A deaf composer dubbed Japan’s Beethoven yesterday confessed to hiring someone to write his most iconic works, leaving duped broadcaster NHK red-faced and casting a cloud over a figure skater set to dance to his music in Sochi.
Mamoru Samuragochi, 50, shot to fame in the mid-1990s with classical compositions that provided the soundtrack to video games including Resident Evil, despite having had a degenerative condition that affected his hearing.
Samuragochi, who also spells his name Samuragoch, became completely deaf at the age of 35, but continued to work, notably producing Symphony No. 1, Hiroshima, a tribute to those killed in the 1945 atomic bombing of the city.
In 2001, Time magazine published an interview with him, calling him a “digital-age Beethoven.”
“I listen to myself,” Samuragochi told the magazine. “If you trust your inner sense of sound, you create something that is truer. It is like communicating from the heart. Losing my hearing was a gift from God.”
His reputation grew when public broadcaster NHK aired a documentary in March last year entitled Melody of the Soul, in which it showed the musician touring the tsunami-battered Tohoku region to meet survivors and those who lost relatives in the 2011 catastrophe.
Viewers flocked in their tens of thousands to buy his Hiroshima piece, which became an anthemic tribute to the tsunami-hit region’s determination to get back on its feet, known informally as the symphony of hope.
However, yesterday morning the composer’s life was revealed to have been a fraud, and an NHK anchor offered a fulsome apology for having aired the documentary.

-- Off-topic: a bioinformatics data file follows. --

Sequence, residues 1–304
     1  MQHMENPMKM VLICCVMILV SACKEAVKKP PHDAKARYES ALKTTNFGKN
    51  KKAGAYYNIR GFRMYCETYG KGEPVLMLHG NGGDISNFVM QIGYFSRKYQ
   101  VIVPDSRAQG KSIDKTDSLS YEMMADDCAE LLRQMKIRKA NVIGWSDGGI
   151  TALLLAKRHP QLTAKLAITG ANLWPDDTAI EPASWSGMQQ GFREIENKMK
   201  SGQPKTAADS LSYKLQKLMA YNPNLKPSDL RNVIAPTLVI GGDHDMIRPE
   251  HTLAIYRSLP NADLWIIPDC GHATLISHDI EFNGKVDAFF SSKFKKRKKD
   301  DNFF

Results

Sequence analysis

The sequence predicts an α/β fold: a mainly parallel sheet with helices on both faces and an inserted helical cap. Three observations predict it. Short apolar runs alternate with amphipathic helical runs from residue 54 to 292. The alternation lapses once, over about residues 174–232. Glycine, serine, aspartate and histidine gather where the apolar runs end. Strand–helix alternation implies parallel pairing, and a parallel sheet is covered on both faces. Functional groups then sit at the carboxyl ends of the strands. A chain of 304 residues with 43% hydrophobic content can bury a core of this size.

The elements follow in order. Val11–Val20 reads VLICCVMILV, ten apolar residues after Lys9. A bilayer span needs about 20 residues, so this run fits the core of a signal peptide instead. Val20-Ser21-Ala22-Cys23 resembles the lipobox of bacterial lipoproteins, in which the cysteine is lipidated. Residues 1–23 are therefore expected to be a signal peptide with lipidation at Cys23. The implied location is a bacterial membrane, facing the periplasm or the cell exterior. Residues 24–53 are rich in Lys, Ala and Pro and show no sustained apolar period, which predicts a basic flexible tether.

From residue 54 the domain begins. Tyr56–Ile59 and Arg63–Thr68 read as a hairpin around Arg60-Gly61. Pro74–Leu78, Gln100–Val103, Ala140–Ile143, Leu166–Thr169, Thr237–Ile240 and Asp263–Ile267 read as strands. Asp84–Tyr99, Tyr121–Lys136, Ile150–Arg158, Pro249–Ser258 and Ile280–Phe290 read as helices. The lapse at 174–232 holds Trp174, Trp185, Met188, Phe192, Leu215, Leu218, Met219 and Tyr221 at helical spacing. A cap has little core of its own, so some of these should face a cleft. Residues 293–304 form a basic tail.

“Through his lawyer, Mamoru Samuragochi confessed yesterday that he had asked another composer to create his iconic works,” the anchor said. “NHK has reported on him in news and features programs, but failed to realize that he had not composed the works himself, despite our research and checking.”
“Samuragochi is deeply sorry as he has betrayed fans and disappointed others. He knows he could not possibly make any excuse for what he has done,” it said.
The broadcaster quoted Samuragochi as saying his deception had begun nearly two decades ago.
“I started hiring the person to compose music for me around 1996, when I was asked to make movie music for the first time,” he said. “I had to ask the person to help me for more than half the work because the ear condition got worse.”
He paid for the commission, said NHK, adding the real composer has not yet responded to requests for comment.
Figure skater Daisuke Takahashi has also been caught up in the row because her program for the Sochi Olympics includes a dance to a sonatina supposedly composed by Samuragochi.
Nippon Columbia Co, which has sold his CDs and DVDs, said in a statement that the company was was “flabbergasted and deeply infuriated” by his revelation.